How do you like to pack for a trip?
I pack in a methodical and focused way – and my husband typically makes fun of me for it. I have to try on every outfit and plan which shoes will go with what. I make checklists on my phone and gather the items on the list on my bed and fold them into nice piles before putting them inside my suitcase. Upon writing this I realize I may be a little OCD when it comes to packing – but I’m always prepared. If the evenings are cool or the air conditioning blasts in the hotel room, I always have a sweater. If the humidity peaks beyond weather predictions, I simply take off a layer. Blisters from my shoes? Not a problem; I’ve packed back up runners and sandals.
What all this equates to is one heavy load when I travel.
On my honeymoon seven years ago, my husband grumbled as he hauled my two large suitcases, just for me, up and down the stairs to the subway in London, England. He really does love me. Since then, after having three children, packing is still a conundrum. Now my excess bags contain children’s books, toys, and diapers. I’ve learned the hard way to always pack more than enough diapers.
Two months ago I headed to Chicago to speak at a conference and I thought I’d be a little risky. Banking on the fact that most hotel rooms have hairdryers, I left mine at home. I also chose to bring only open toed shoes. A rebel, I know! The trip was a success, except for a few evenings where my sandaled feet got wet in the rain.
Recently I traveled to Toronto for work and, since I was only staying one night, I felt bold enough to step up my packing game. It was scary at first, but I decided to limit myself to my large shoulder bag – no suitcase. I happened to have small plastic make-up containers where I squirted moisturizer and foundation. I packed travel size toothpaste and a mini hairspray bottle, all under 100 ml. It felt like a fun challenge to pack light and I was so proud when everything fit, despite weighing about twenty-five pounds. Being a pro at carrying my similarly weighted two-year-old, I figured I could handle the shoulder bag.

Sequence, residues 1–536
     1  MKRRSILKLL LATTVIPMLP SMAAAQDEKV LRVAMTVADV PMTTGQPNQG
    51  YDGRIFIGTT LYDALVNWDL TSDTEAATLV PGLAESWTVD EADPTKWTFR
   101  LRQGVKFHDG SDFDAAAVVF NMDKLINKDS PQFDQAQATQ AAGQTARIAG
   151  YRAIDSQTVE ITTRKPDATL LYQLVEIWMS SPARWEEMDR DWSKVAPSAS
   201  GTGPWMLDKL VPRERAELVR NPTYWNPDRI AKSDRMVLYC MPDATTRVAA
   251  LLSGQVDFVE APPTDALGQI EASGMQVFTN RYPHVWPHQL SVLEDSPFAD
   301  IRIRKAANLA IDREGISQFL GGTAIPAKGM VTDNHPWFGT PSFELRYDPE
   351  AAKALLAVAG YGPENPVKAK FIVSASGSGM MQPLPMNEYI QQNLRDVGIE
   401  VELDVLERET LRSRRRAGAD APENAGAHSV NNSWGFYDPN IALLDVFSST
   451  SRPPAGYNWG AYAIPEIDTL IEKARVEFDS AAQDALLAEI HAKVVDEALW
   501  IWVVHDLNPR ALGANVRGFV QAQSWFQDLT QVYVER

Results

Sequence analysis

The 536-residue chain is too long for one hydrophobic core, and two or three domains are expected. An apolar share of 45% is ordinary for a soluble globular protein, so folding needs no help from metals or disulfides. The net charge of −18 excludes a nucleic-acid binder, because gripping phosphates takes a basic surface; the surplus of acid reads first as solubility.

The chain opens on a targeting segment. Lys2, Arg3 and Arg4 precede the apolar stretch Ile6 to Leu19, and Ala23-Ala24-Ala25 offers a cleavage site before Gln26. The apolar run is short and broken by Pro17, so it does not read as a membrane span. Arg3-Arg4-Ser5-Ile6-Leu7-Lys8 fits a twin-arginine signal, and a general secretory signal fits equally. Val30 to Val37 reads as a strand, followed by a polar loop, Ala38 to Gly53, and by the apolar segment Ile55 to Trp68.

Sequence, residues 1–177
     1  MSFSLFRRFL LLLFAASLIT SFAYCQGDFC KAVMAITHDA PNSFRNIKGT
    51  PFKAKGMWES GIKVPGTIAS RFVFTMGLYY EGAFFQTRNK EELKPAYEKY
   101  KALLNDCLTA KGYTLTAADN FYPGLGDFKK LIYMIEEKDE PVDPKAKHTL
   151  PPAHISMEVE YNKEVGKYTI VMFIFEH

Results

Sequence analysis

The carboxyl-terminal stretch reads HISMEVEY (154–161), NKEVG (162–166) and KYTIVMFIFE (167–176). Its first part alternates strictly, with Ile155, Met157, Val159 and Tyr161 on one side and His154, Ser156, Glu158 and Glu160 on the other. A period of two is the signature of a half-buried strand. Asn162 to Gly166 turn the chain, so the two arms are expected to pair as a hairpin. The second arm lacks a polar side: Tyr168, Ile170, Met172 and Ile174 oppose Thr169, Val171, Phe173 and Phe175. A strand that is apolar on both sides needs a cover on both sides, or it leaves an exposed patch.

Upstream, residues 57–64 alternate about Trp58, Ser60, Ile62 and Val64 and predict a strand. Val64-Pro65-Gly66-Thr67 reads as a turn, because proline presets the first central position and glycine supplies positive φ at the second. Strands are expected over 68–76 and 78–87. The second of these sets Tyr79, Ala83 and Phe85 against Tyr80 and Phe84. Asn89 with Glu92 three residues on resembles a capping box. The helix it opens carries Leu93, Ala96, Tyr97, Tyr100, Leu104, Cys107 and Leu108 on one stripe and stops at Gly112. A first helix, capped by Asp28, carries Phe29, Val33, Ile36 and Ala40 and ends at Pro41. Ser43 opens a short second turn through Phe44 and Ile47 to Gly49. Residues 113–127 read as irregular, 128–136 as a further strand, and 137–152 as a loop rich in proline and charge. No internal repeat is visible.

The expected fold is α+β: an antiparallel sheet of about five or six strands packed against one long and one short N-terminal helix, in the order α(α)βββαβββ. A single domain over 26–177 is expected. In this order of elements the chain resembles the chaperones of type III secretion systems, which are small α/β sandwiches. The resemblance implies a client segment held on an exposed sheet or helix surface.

The load did give me a crank in the neck, but the reward of packing light was an amazing carefree feeling, one I had never experienced before while traveling. Checking in at the airport was a breeze; I visited the ticketing machine and then headed right to security. When it was time to get off the plane, I didn’t have to wait at the baggage carrousel. I just left the building.
In anticipation for another business trip in two weeks, I am again challenging myself with packing. This time I will be in Amsterdam for ten days, traveling by planes and trains and automobiles – oh my! I have not been to Europe since my honeymoon seven years ago, but this time I won’t have my strong husband to lift my bags. I’m already preparing for the trip, buying travel sized bathroom necessities and mentally compiling and then narrowing down my wardrobe.
I’ve always worried, “What if I need something?” Yet, I think of my friend Sarah who hiked the Camino de Santiago last summer with only a backpack worth of belongings. Her trip took 24 days and at the end of it she reflected, “The first thing I thought when I got back home is, ‘I have way too much stuff, I don’t need this much stuff.’” Her trip was physically demanding, but in the end a spiritual journey as well. Sarah’s revelation has been nagging me, both with packing and in life.
Not only am I a heavy packer when it comes to luggage, but also emotions, memories and hurt. With each and every item I am planning for my Amsterdam trip, I’m also consciously thinking about my life, wondering what emotional baggage is worth carrying around with me and what are the things I’d like to leave behind. As I envision my next trip I see myself jumping onto trains at the last instant before they speed away, hiking all over the city visiting museums and historic sites, and presenting at the conference without aching muscles from toting heavy bags.
As I think about my life, I hope for the same sort of freedom. I don’t want to be so burdened by painful events or the hurtful words of the ghosts from my past that I miss out on living, miss out on the multitude of amazing experiences available each and every day. It is within my power what I choose to lug around with me. This is a sobering realization – yet the desire to live a carefree life, just like traveling light, is too tempting to continue on in the same way I always have.
Packing is a good analogy for life. Are we carefree and light, or do we take on burdens, adding them to our load? For me, I’m choosing to pack less shoes and back-up clothing, along with letting go of many of the other kinds of baggage that weighs me down. It sound’s cliché, but we have one life to live so why not make it the trip of a lifetime?